Historical Market Downturns: What We Can Learn From Them Now

The Coronavirus is taking a huge toll on human life and on the economy, forcing stocks into a bear market (a drop of at least 20 percent lasting on average 1.4 years) and generally associated with an economic recession. Panic, while not helpful, is certainly understandable under these circumstances. While no one can know what the future will bring, we can study previous market downturns to put our fears into a historical context. After all, panic is not a strategy! 

At Linscomb & Williams, we help clients, especially right now, remain focused on their long-term goals. At times like these, stress can lead investors to make emotional decisions, and this can lead to some crucial mistakes. (Read our recent blog post: When the World Feels Like It’s Falling Apart – Big Mistakes to Avoid.) 

While there’s no “specialized expertise” that can ever help you predict the future, you can learn from history. In our nearly 50 years of experience in the financial services industry, we’ve seen many different market situations. The lessons learned from the 8 major bear markets in the last 100 years may help you temper your reactions and maintain the long-term view of your investments.

 

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1. September 1929 to June 1932 (-83.4%)

The term “bear market” often brings to mind the biggest bear market in Wall Street’s history – the Stock Market Crash of 1929, which ushered in the Great Depression. This included Black Tuesday (Oct. 29, 1929), when stocks fell 12 percent and marked the end of the Roaring ’20s. In the years after World War I, companies posted record profits while margin requirements were only 10 percent, encouraging excess speculation in the markets. The resulting bubble caused the market to triple until it was burst by margin calls, disrupted growth and bankruptcies. 

After the end of the Great Depression, stocks climbed 815 percent in a 14-year period.

2. June 1946 to November 1946 (-21.4%)

The downturn in 1946 was caused by post-war inflation that resulted from pent-up demand. Regulators responded by increasing stock margins to 100 percent, which eliminated leverage on stock purchases. This forced many investors to sell stocks in order to comply with the new margin rules, sending the market into a short-term swoon.

The market continued to trade sideways through 1949, before entering a prolonged expansion in the 1950s. Stocks returned a handsome average annual return of 16.8 percent in the 15 years following the end of this bear market.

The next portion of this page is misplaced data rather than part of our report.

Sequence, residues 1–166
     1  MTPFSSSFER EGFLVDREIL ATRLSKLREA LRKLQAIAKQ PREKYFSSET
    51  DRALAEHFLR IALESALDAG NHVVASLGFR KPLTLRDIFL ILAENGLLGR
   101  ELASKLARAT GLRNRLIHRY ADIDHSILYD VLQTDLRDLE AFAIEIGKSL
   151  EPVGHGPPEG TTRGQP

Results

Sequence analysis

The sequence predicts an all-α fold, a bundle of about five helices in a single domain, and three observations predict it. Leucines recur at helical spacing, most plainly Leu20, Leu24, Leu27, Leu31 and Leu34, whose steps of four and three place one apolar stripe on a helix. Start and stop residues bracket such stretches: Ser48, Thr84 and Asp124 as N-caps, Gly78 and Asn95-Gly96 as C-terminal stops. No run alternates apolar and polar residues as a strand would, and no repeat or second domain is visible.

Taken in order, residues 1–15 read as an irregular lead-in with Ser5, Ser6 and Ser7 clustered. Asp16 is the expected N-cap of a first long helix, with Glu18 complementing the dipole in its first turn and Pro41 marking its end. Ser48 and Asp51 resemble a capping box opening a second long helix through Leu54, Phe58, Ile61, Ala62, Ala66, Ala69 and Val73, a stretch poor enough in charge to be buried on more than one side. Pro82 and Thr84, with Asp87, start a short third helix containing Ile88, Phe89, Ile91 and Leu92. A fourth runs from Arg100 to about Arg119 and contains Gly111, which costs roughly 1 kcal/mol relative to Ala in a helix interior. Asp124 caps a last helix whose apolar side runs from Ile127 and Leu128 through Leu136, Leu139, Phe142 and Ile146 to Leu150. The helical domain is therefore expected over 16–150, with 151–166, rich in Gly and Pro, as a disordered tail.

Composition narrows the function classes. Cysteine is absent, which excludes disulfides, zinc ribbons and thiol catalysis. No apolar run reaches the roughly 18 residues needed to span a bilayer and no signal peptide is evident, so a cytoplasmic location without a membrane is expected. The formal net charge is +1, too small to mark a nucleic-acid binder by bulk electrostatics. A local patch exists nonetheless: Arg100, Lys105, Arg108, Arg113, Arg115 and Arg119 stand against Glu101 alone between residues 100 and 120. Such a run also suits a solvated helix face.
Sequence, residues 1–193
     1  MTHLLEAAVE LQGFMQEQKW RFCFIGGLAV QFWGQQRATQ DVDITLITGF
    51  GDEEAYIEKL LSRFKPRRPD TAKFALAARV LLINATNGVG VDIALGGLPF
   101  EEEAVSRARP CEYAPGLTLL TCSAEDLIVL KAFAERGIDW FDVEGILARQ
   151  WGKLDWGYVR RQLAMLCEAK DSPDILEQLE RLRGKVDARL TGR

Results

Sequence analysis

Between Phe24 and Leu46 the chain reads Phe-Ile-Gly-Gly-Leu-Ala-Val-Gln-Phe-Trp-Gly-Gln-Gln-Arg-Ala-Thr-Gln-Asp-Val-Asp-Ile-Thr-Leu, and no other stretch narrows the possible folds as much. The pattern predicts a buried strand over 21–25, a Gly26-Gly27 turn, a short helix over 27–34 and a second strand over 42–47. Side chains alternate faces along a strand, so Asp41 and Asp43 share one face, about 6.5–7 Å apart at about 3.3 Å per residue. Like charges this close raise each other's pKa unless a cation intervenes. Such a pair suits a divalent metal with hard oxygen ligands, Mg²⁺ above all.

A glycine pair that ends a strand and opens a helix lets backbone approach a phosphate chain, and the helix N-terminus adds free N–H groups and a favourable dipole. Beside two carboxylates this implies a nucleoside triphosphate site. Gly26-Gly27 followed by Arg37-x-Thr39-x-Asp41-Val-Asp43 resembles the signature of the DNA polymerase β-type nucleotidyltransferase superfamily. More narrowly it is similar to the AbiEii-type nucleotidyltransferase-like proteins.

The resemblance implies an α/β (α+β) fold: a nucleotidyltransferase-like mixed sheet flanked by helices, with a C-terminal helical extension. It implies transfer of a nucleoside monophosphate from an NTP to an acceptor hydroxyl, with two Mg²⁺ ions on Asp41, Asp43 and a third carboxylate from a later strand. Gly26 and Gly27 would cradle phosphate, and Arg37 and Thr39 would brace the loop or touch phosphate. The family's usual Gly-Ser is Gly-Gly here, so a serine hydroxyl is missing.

3. January 1962 to October 1962 (-21.7%)

In essence, stocks became overpriced in the 1960s, as measured by Price to Earnings (P/E) ratios. Uncertainty was high due to political pressures centering around America’s dealings with Vietnam and Cuba. President Kennedy was pressuring the steel industry to temper higher prices, a move that upset business leaders.

When the bear market ended, investors who stayed in the market profited with an average annual return of 14.9 percent over the next 6.4 years.

4. November 1968 to May 1970 (-29.3%)

The second bear market in the 1960s was prefaced by high inflation and social unrest that included riots and assassinations. The economy was sluggish as the Vietnam War intensified, draining confidence from stock investors. 

The market then experienced a sharp rally in which prices increased 75.6 percent for the following 2-½ years. Market volatility was extremely high during this period.

5. January 1973 to October 1974 (-42.6%)

The great bull market of the early 1970s collapsed in 1973 and led to a 1.7-year bruising bear. GDP growth fell to -2.1 percent while inflation rose to 12.3 percent, creating the so-called “stagflation” economy. Oil prices skyrocketed during the first oil embargo, while the Watergate investigation took its toll on investor confidence. Nixon’s resignation came a few months before the end of this bear market.

The subsequent bull market saw stocks rally 845 percent for the next 13 years.

6. August 1987 to December 1987 (-29.6%)